Skip to Main Content
Don't have an account? Create Account
x
Don't have an account? Create Account

COVID-19: Moderna Bivalent Booster, CDC Forecasting Center

For the second year, COVID-19 was the third leading cause of death after heart disease and cancer, according to new reports from the Centers for Disease Control and Prevention (CDC).

Agency data also show that declines in age-adjusted death rate ratio disparities from 2020 to 2021 ranged from 14 percent to 40.2 percent for most racial and ethnic groups. This underscores the importance of providing effective preventive interventions, including vaccination and clinical care, to all communities in proportion to their needs.

Moderna Bivalent COVID-19 Booster Shot Targets Variant-Specific Mutations

Moderna Inc. on April 19 provided an update on its bivalent COVID-19 booster vaccine candidate, mRNA-1273.211, which includes mutations found in the beta variant of SARS-CoV-2, many of which also persist in the omicron variant.

A 50-microgram booster dose of mRNA-1273.211 demonstrated superiority against beta, delta, and omicron variants of concern one month after administration compared with a booster dose of mRNA-1273, the company’s original, Food and Drug Administration–authorized vaccine. Superiority continued six months after administration for beta and omicron variants of concern. Moderna reports that tolerability and safety of the bivalent booster were consistent with the authorized 50 µg mRNA-1273 booster.

The company also is evaluating an updated bivalent booster, mRNA-1273.214, which incorporates more mutations specific to the omicron SARS-CoV-2 variant. Initial data from the phase 2/3 clinical study will inform the selection of Moderna’s fall 2022 booster vaccine for the Northern Hemisphere.

CDC Launches Disease Forecasting Center

CDC on April 19 launched the Center for Forecasting and Outbreak Analytics (CFA), a new team that will use data, modeling, and analytics to improve outbreak response.

CFA’s three goals are to:

  • predict future outbreaks;
  • inform federal, state, and local government leaders; and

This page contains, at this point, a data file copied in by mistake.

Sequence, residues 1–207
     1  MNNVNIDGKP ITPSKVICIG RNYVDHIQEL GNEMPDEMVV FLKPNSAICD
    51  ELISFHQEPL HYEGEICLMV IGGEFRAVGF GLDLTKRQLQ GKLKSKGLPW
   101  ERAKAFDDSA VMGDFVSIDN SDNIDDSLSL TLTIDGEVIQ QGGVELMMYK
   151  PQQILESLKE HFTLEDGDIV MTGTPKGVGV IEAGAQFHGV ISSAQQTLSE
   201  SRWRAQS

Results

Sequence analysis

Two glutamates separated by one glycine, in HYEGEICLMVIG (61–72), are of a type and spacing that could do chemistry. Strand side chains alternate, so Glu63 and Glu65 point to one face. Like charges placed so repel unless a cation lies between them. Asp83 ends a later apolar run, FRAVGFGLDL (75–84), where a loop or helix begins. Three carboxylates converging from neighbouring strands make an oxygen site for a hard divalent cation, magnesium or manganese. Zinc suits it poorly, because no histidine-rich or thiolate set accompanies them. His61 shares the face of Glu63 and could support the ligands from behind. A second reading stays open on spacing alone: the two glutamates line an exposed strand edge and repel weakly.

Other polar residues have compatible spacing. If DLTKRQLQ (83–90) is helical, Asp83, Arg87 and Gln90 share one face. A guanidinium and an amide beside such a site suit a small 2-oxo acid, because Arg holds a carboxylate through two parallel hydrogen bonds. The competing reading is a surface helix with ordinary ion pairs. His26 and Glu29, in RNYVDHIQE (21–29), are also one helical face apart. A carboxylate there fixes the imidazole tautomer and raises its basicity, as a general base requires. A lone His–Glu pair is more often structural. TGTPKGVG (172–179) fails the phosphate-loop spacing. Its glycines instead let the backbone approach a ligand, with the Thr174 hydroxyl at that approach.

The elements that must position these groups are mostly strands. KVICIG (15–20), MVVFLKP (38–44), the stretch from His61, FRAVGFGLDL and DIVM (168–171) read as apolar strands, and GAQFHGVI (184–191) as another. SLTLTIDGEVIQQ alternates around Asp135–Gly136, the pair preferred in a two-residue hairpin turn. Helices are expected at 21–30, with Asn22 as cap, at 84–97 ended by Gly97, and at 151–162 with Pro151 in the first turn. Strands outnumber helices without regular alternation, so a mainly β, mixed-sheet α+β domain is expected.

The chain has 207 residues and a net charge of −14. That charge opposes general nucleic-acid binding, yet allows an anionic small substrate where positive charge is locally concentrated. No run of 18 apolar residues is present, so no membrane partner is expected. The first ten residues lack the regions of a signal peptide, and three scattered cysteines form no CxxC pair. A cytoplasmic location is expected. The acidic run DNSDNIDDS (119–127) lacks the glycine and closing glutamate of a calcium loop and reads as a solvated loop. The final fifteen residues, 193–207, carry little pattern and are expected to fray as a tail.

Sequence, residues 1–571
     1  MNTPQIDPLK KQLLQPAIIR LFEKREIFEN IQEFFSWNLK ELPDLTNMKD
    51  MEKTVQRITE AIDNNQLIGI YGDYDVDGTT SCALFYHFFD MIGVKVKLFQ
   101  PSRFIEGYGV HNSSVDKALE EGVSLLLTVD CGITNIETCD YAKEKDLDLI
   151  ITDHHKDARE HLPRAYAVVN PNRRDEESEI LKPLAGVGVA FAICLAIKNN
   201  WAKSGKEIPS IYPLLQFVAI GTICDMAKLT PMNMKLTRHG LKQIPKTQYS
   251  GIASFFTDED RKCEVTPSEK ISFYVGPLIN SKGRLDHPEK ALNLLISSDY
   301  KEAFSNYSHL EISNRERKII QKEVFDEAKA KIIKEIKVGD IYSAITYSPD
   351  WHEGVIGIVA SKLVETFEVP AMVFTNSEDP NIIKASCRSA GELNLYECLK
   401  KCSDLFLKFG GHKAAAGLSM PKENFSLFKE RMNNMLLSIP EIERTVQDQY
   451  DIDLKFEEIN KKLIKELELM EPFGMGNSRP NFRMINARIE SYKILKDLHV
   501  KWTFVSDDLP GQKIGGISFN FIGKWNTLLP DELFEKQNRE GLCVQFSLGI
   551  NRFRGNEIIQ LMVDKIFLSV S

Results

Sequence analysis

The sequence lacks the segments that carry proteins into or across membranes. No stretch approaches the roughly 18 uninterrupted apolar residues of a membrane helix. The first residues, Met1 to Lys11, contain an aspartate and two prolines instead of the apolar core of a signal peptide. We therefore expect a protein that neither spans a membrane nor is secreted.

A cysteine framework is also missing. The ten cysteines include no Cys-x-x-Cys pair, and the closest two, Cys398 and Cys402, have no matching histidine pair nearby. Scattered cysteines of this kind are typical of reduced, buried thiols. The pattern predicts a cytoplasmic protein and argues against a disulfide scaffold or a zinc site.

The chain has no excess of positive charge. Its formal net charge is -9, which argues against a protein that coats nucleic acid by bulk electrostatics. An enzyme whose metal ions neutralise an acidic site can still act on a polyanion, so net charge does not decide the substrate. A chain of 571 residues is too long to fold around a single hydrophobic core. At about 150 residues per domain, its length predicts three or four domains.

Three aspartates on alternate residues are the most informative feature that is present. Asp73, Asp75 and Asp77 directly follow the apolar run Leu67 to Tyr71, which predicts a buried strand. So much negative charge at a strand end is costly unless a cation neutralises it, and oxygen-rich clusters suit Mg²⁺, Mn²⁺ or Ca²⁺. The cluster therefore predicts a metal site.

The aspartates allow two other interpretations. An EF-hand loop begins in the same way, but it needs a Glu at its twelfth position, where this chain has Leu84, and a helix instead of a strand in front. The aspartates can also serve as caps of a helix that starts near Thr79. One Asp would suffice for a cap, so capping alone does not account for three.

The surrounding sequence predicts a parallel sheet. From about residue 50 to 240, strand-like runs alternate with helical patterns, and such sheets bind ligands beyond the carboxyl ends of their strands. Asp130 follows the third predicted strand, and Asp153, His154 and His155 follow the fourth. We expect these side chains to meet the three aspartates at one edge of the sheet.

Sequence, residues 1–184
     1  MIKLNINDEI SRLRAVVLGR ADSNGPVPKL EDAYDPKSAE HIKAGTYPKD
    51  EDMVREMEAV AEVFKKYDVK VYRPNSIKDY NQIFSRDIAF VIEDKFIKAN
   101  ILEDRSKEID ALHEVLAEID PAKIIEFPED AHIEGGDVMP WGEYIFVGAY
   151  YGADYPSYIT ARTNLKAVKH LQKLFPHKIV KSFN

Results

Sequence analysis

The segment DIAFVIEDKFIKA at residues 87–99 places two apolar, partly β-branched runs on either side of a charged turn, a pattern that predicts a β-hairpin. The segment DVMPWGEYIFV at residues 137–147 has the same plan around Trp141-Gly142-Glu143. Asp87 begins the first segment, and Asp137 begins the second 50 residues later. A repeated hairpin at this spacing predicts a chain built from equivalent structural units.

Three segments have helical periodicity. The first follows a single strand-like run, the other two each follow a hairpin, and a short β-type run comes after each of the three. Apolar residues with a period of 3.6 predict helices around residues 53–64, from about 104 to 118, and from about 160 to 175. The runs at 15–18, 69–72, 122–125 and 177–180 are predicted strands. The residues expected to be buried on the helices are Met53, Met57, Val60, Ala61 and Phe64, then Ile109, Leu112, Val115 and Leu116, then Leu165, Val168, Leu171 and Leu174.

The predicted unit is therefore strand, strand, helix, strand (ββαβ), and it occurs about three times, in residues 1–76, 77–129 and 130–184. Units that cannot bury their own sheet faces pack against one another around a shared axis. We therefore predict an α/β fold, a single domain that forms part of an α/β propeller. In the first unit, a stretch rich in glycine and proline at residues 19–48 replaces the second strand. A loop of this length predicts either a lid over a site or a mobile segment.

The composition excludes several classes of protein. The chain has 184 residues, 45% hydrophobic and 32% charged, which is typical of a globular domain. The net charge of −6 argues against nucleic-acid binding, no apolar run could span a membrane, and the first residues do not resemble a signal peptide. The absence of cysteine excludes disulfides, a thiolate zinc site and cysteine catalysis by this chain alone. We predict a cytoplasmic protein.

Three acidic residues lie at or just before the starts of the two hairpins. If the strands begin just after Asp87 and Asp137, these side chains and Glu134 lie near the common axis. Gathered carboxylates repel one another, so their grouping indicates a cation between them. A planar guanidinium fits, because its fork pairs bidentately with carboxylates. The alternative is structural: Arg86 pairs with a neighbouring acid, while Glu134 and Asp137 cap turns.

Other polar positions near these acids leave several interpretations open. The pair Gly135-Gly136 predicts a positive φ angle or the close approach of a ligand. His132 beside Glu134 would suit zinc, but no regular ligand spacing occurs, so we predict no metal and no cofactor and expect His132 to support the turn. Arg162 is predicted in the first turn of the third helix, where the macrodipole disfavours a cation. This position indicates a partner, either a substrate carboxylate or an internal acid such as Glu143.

• innovate through research and development of novel analytics tools.

The team already has researched the omicron SARS-CoV-2 variant’s effect on COVID-19 cases and hospitalizations, worked with public health officials to prepare for the surge, and awarded $21 million to academic institutions to advance modeling and forecasting methodology.

CDC Releases Quarantine and Isolation Calculator FAQ

CDC on April 22 released frequently asked questions (FAQs) on the agency’s quarantine and isolation calculator, which helps people determine how long to isolate, quarantine, or take other steps to prevent spreading COVID-19.

The FAQs clarify when and how the calculator can be used to determine mitigation efforts. Notably, CDC clarified that the calculator does not apply to health care personnel; patients, residents, and visitors to health care settings; people who are moderately to severely ill or immunocompromised; or those in high-risk congregate settings.

HRSA Telehealth Conference, May 16-17

The Department of Health and Human Services’ Health Resources and Services Administration and Telehealth.HHS.gov will host a National Telehealth Conference bringing together public and private sector leaders to discuss telehealth best practices and lessons learned during the COVID-19 pandemic.

The May 16-17 event will include these and other topics:

  • achieving health equity through increased access and adoption of telehealth;
  • the role of telehealth as a tool to improve the quality of care for patients, especially those in underserved communities;
  • tele-behavioral health as a model and example of the success of integrating telehealth during the pandemic and beyond; and
  • sharing clinical telehealth best practices and lessons learned.

Visit the America’s Essential Hospitals coronavirus resource page for more information about the pandemic.

Contact Senior Director of Policy Erin O’Malley at eomalley@essentialhospitals.org or 202.585.0127 with questions.

Share

About the Author

Emily Schweich is a communications manager at America's Essential Hospitals.

Previous Next
Close
Test Caption
Test Description goes like this